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Endovascular treatment of infrarenal abdominal aortic aneurysm with short and angulated neck in high-risk patient.

Koutsias S, Antoniou G, Karathanos C, Saleptsis V, Stamoulis K, Giannoukas AD - Case Rep Vasc Med (2013)

Bottom Line: Patients with extensive aneurysmal disease typically have more comorbidities and may not tolerate extensive surgical trauma (Sarac et al. 2002).It is, therefore, unclear whether aneurysms with a challenging proximal neck should be offered EVAR or OR (Cox et al. 2006, Choke et al. 2006, Robbins et al. 2005, Sternbergh III et al. 2002, Dillavou et al. 2003, and Greenberg et al. 2003).This adds up to our armamentarium in the treatment of high-risk patients, and it should be considered in emergency cases when the fenestrated and branched endografts are not available.

View Article: PubMed Central - PubMed

Affiliation: Department of Vascular Surgery, University Hospital of Larissa, University of Thessaly Medical School, 41000 Larissa, Greece.

ABSTRACT
Endovascular treatment of abdominal aortic aneurysms (AAA) is an established alternative to open repair. However lifelong surveillance is still required to monitor endograft function and signal the need for secondary interventions (Hobo and Buth 2006). Aortic morphology, especially related to the proximal neck, often complicates the procedure or increases the risk for late device-related complications (Hobo et al. 2007 and Chisci et al. 2009). The definition of a short and angulated neck is based on length (<15 mm), and angulation (>60°) (Hobo et al. 2007 and Chisci et al. 2009). A challenging neck also offers difficulties during open repairs (OR), necessitating extensive dissection with juxta- or suprarenal aortic cross-clamping. Patients with extensive aneurysmal disease typically have more comorbidities and may not tolerate extensive surgical trauma (Sarac et al. 2002). It is, therefore, unclear whether aneurysms with a challenging proximal neck should be offered EVAR or OR (Cox et al. 2006, Choke et al. 2006, Robbins et al. 2005, Sternbergh III et al. 2002, Dillavou et al. 2003, and Greenberg et al. 2003). In our case the insertion of a thoracic endograft followed by the placement of a bifurcated aortic endograft for the treatment of a very short and severely angulated neck proved to be feasible offering acceptable duration of aneurysm exclusion. This adds up to our armamentarium in the treatment of high-risk patients, and it should be considered in emergency cases when the fenestrated and branched endografts are not available.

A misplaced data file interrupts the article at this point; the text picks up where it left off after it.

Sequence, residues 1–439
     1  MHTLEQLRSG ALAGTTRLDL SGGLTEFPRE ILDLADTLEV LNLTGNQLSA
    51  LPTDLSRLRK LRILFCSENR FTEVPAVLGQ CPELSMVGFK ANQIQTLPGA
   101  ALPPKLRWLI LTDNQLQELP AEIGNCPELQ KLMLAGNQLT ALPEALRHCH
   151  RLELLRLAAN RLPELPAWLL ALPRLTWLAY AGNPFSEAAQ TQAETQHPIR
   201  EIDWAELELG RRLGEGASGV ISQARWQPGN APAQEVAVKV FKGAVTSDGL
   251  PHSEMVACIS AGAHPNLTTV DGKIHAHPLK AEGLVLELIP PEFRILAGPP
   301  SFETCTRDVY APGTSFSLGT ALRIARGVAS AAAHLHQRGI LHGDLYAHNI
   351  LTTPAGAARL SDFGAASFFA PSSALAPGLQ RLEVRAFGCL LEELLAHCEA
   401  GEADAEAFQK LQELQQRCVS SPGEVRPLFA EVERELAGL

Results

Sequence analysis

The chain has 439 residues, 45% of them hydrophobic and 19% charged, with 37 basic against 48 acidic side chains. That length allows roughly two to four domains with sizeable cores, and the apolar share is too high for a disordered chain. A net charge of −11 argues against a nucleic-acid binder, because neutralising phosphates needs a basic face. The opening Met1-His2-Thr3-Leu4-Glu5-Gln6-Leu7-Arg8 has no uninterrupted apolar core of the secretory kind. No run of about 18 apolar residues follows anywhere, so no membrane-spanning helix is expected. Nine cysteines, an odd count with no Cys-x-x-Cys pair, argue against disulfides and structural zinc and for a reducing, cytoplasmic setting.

No MeSH data available.


Related in: MedlinePlus